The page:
Considering he didn’t ask me how I survived, or even mentioning his own brother, I got the feeling this wasn’t a social call. “Congratulations on surviving,” I added a smirk with it. “Now if you’ll excuse me, I have-”
“You have no more business tonight except with me.” His gruff tone caught me by surprise. “My boss knows who you are and what you can do. If you help us with a job, he’ll help you get Jericho out of prison.”
I normally enjoyed people who were blunt and to the point; not this time. “The last time I helped you with a job, we both nearly died.”
“Oh we could very well end up dead again, but this is your best chance at freeing your boyfriend.” I didn’t say anything, only kept looking on. “Our job is simple. In two weeks, presidential candidates Ronald Victory and Mallory Simpson will be in town for their final debate.” I saw where this was going and it started to excite me. “And we’re going to kill them.”
The attack stopped. We’d all been evacuated from the room while the power of Jericho had been unleashed. Nothing in the room from the looks of it had survived. Then it stopped. Jericho’s body fell back on to the bed, unmoving, looking lifeless.
Dr. Sanders pulled me aside. “Father, I’m going to check and see if he’s dead. If he is or is dying…”
“Say no more, doctor.” I was prepared to do my part. “Jericho would’ve wanted me to give him his last rites.”
Sanders nodded to a nurse who opened the door. He rushed in quickly and checked on the patient. After a few moments, he called out, “He’s alive. He isn’t reacting to any stimulus, but he is breathing.”
I went in to survey the massive amounts of damage. “Mother of God, he could’ve brought this whole wing down.”
“The new warden didn’t believe me when I said just how powerful Jericho Staley is.” Sanders was holding what remained of the charts from Jericho’s bed. “Nothing reported gave me any clue something like this would’ve happened. It was like a spontaneous combustion of power.”
There were heavy footsteps outside. The warden we just spoke of, Brandon Porterhouse, entered the room. “What in blue hell is going on up here, Dr. Sanders?!” The man was practically shouting.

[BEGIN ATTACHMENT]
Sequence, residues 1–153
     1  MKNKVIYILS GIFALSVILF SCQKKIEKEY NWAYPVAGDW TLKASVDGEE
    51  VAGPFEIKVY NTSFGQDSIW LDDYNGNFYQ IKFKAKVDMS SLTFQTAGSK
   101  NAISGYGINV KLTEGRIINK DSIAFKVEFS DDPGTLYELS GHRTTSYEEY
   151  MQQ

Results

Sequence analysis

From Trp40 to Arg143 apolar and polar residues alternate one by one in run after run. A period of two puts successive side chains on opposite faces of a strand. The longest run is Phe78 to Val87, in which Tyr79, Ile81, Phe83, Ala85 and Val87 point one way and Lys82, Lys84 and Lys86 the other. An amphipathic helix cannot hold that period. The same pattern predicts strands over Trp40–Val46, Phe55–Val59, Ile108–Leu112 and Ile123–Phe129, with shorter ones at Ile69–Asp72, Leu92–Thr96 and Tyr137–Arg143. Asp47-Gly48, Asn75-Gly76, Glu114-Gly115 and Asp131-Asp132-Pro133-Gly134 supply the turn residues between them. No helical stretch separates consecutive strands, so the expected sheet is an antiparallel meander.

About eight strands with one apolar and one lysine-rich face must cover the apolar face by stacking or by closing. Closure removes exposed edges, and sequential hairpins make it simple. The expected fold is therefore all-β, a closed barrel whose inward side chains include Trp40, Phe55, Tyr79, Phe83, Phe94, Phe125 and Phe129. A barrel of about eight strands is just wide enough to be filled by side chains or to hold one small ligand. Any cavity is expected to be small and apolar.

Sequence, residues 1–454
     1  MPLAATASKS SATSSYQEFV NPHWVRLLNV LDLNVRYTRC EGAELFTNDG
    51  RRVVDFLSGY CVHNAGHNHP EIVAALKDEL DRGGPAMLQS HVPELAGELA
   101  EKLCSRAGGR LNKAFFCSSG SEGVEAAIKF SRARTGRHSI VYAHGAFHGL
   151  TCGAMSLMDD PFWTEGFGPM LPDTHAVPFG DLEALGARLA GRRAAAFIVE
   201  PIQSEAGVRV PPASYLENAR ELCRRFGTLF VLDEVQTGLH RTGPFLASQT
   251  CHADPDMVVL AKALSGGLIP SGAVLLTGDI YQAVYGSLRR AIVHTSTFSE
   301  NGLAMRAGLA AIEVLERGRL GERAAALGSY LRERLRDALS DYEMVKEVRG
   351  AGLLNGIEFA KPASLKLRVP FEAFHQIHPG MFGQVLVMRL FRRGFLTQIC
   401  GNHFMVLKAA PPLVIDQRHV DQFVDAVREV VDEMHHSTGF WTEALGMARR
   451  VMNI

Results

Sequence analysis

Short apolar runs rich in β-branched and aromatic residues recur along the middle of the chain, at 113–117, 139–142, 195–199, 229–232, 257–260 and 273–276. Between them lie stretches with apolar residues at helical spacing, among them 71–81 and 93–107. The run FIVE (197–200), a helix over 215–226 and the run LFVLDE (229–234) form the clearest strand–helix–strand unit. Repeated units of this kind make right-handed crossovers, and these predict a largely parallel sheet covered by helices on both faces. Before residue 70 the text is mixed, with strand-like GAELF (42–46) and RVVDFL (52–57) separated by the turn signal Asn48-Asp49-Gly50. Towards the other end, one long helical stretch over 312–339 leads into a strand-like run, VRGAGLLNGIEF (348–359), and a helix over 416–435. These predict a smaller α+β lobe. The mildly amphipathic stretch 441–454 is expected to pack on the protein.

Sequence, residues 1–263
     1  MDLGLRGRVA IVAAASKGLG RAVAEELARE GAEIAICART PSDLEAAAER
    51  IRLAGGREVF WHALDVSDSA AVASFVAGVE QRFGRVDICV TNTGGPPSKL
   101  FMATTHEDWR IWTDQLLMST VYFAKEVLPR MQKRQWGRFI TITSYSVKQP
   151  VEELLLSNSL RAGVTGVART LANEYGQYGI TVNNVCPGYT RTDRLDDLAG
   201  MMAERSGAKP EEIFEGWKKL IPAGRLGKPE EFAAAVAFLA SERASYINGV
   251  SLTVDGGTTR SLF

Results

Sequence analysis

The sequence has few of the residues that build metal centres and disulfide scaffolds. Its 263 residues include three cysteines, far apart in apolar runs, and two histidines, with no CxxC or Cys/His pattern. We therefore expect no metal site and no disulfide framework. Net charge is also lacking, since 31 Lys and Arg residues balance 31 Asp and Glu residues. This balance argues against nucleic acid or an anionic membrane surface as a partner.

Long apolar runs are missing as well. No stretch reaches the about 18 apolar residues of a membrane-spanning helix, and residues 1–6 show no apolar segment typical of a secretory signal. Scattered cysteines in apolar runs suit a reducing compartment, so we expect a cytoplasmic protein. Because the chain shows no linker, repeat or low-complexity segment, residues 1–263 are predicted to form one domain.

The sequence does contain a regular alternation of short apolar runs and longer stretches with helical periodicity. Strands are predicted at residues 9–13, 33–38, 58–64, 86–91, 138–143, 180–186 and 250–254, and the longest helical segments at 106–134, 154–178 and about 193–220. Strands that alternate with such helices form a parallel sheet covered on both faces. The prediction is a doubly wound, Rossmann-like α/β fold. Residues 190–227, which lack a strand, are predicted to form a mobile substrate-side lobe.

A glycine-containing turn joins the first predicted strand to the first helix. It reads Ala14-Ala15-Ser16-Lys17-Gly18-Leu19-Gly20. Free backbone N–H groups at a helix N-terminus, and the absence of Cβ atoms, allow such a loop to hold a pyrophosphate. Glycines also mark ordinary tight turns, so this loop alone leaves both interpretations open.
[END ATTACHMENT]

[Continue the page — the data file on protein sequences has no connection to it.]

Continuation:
“As I just told Father Reigart, I think the patient had a spontaneous release of power. Going forward, if we don’t find a way to syphon off smaller releases, I fear a lot worse can happen.”
Porterhouse tossed his hands upward in disgust. “This sounds like more of your yapping looking for funding. Sanders, I see nothing here that suggests we are in any more trouble right now than we were before this little incident happened.”
Two of the nurses from outside the room made annoyed clicks with their tongues. It was common knowledge that Warden Porterhouse was disliked by many of the staff. I hoped he would see my reason. “Warden, Staley nearly took down the entire hospital wing in the matter of moments. I think Dr. Sanders may be on to something.”
A meaty finger was jabbed into my face. “Listen here Reigart, you’re only here as the prison priest due to a favor I owe the mayor. Your words don’t mean jack shit to me, got it?”
There would be no more speaking to the man. He turned on heel and left. We were all dumbfounded, not knowing what to say until we heard a voice behind us. “Why’s everyone yelling?”
It couldn’t be… There was a mad rush to his bedside and Dr. Sanders and his team did their best to hook him up to whatever machines were still functioning. I joined them, not believing my eyes that Jericho had actually spoken. “Jericho, I can’t believe you’re awake! After all this time, too.”
He looked at me confused. “What do you mean all this time?”
Sanders grabbed his arm to check his blood pressure. “You’ve been in a coma for a little over three years. You’re in Black Lagoon Penitentiary.”
“I’m in jail? Why?”
Something was off. The way he asked that question, he should’ve known why he was in jail. Jericho always knew what he was doing was very much against the law. “Jericho, what do you remember about your life before waking up.”
“I don’t remember anything, just black.” Then he asked the one question that confirmed it all for Dr. Sanders and I. “And why do you keep calling me Jericho?”
You can find Jeremy over here at: http://boltbookspub.wix.com/home